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Re: Onstep Operation

Frank Johns
 

Thanks for the pointers on 3D printing - should be interesting ;-))

regarding pull up resistors on on my Instein OnStep it seems that there are none in the OnStep circuit.
can they be incorporated into my simple hand controller? If so what, how many and where? Please bear with me as I am mechanical not electronic.


Re: Onstep Operation

Dave Schwartz
 

Pull-up resistors are used to raise ('pull up') the voltage level (which equates to the logic level) on a GPIO pin that is expected to be used in a normally high state like the ST4 control lines. When the external device is not requesting an axis movement, the microprocessor should see a consistently high logic level until the device actively grounds the control line to command a movement. The same thing applies for pull-down resistors when the active state is high but we'll ignore that since OnStep doesn't use that mode for user devices.

If there were no pull-up resistors at all, the line would be in what is called a 'floating' state where the voltage could be affected by a great variety of things such as stray electrical or magnetic fields. These fields can induce positive or negative voltages on the line (after all, the wire acts as an antenna too) which could be interpreted as random high or low logic levels causing chaos.

Most microprocessors have internal pullup resistors which can be enabled by the software. For OnStep, that is what the ST4_PULLUP option does. However, the internal pullup resistors are on the chip itself and are necessarily quite small and low power. The ones on the STM32 are in the range of 30k to 50k ohms. This is known as a weak pullup resistor (in this case, very weak). At 5V, a 40k resistor can only pass 125 microamps of current. This means that any transient on the line that induces a negative current of 125 microamps (which is quite easy to do) will overwhelm the internal resistor's capacity to supply current to keep that line held up. Thus the microprocessor will see an uncommanded movement and, again, chaos will ensue.

So we use external resistors to create a strong pullup. For the STM32, I use a 2.2Kohm device. As such, it can pass 2.2 milliamps of current at 5V and thus a transient on the line will have to be much more massive (~20x) to cause an erroneous reading. As a consequence, any device that uses these lines for signalling or communication will have to be able to sink 2.2ma to ground but this is not hard achieve either with switches (can usually sink way more than that) or electronics (microprocessors can usually sink at least 10ma on an appropriate pin).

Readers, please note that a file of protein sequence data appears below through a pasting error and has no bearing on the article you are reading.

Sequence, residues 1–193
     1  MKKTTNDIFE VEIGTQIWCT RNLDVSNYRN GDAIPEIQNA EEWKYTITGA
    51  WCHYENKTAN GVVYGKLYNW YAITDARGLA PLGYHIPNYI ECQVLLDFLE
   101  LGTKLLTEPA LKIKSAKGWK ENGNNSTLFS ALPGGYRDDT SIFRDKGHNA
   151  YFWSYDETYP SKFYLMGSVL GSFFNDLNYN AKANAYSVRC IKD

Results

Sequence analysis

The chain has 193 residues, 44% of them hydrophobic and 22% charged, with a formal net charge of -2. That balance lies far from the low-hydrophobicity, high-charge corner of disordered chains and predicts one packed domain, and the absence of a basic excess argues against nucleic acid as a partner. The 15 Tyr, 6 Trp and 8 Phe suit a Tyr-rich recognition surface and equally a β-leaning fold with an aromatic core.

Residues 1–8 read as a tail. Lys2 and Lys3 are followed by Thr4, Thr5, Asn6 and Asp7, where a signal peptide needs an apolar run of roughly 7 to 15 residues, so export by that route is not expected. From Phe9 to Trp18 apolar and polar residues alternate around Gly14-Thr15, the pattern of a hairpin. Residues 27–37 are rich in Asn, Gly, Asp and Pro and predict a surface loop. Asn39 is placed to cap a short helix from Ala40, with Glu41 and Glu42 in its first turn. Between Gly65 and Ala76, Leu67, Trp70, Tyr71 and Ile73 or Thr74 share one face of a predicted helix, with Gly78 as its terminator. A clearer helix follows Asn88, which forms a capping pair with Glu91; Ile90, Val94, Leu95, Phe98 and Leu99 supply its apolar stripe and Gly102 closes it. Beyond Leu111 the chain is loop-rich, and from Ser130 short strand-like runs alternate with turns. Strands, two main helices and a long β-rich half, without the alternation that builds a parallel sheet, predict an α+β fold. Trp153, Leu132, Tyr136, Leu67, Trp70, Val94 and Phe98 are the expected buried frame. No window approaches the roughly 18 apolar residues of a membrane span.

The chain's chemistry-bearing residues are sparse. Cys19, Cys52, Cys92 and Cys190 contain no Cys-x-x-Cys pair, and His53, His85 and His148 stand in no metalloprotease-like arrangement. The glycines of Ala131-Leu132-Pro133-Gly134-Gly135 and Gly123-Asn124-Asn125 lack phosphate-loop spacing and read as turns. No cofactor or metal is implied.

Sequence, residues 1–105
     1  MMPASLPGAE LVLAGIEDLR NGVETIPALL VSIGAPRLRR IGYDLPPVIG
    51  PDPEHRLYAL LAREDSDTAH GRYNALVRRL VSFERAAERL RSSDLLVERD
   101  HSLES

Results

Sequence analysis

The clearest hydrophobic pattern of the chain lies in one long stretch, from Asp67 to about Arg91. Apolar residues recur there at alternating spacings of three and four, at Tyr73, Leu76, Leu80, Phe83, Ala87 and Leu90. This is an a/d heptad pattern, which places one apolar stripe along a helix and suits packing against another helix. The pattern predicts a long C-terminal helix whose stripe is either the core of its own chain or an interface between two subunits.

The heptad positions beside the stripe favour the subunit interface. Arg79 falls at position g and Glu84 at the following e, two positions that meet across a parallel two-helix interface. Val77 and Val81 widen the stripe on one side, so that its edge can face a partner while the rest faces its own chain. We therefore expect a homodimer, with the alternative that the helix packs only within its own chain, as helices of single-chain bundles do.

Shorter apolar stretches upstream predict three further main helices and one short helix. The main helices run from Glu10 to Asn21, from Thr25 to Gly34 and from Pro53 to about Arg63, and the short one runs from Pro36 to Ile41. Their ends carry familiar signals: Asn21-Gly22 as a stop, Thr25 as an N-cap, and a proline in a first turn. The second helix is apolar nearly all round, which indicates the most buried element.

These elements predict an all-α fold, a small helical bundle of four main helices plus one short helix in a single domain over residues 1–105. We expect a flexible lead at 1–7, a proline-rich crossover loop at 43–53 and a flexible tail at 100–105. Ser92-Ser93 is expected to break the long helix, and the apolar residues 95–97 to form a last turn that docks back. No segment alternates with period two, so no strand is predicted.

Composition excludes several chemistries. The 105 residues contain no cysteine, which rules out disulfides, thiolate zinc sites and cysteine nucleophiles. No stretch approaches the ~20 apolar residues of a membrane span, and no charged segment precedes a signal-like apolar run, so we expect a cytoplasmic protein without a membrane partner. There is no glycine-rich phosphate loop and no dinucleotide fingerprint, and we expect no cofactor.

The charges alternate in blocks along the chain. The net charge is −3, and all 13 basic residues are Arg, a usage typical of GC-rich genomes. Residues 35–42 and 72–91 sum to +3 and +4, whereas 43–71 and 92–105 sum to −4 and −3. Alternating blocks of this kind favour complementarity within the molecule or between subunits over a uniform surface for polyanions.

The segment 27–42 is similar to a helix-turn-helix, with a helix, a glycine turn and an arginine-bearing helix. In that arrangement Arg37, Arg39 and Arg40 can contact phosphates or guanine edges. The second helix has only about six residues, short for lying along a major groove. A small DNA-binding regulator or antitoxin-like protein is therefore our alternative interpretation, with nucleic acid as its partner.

About the 3D printing... I think that's going to be a good printer for you. It can be addictive though and you'll probably end up spending more on various filaments that you did on the printer (I have... now have 17 different spools lying around which are worth almost twice what the printer cost).

After a bit of a learning curve, I found that designing projects in FreeCAD was quite enjoyable. The most useful advice I have when designing a model with multiple parts (like my SHC case) is to start your model with the part with the largest footprint so that subsequent sketches added on for the later parts don't go into negative offsets or can't be made as additions to previous components. I made such a mistake in my first version and got into a state where there were errors that couldn't be resolved. Starting over from scratch after I had the complete build path in mind made it quite easy. Another FreeCAD tip is to keep all your dimensions in a FreeCAD spreadsheet page. Then its easy to reference a dimension in multiple places, there are no 'magic numbers' and if you change the value in the spreadsheet, the whole model immediately readjusts. I use around 50 dimensions held in a spreadsheet for my SHC case.

On 2019-02-17 6:23 a.m., Frank Johns via Groups.Io wrote:
Dave - senior moments ! I get them regularly.
can you explain the ‘external pull up resistor network’ - perhaps I need such.

you may be wondering what I’ve done about the STM32 kit I had off you (and the Hand Controller). Both are ready but cannot sort a suitable case for them and so have now acquired an Anet A8 3d printer kit in order to (hopefully) make them myself. Brain now under severe pressure - something else new to master!!


Re: Onstep Operation

Frank Johns
 

Dave - senior moments ! I get them regularly.
can you explain the ‘external pull up resistor network’ - perhaps I need such.

you may be wondering what I’ve done about the STM32 kit I had off you (and the Hand Controller). Both are ready but cannot sort a suitable case for them and so have now acquired an Anet A8 3d printer kit in order to (hopefully) make them myself. Brain now under severe pressure - something else new to master!!


Re: Onstep Operation

Dave Schwartz
 

I remember you told me that before - obviously I forgot (I claim 'Senior moment'). I don't know why incorrect information would be knowingly kept.

When I built a 'basic hand controller' for my STM32 project, that is pretty much all I did... pushbuttons that would connect pins 3, 4, 5 or 6 to the ground on pin 2. I didn't use that for very long before we had the ESP32 SHC working but we did find that it wouldn't connect without the external pullup resistor network even when the internal pullups of the STM32 were set to be used ith the ST4_PULLUP setting. Maybe that was just an STM32 thing and the ATMEGA 2560 in the Instein controller can use a handbox reliably without them - I just don't know.

On 2019-02-16 7:14 p.m., Frank Johns via Groups.Io wrote:
Khalid - my Hand Controller is a simple set of buttons connecting pins 3,4,5 & 6. Are you indicating that there should be some resistor in those circuits? If so what is required?

Dave - when I challenged Instein on the wiring he indicated that the diagram on his website is not correct (I have no idea why he keeps it there) - he said the pins 345&6 are for RA and Dec. Pins 1&2 are soldered together to ground


Re: Onstep Operation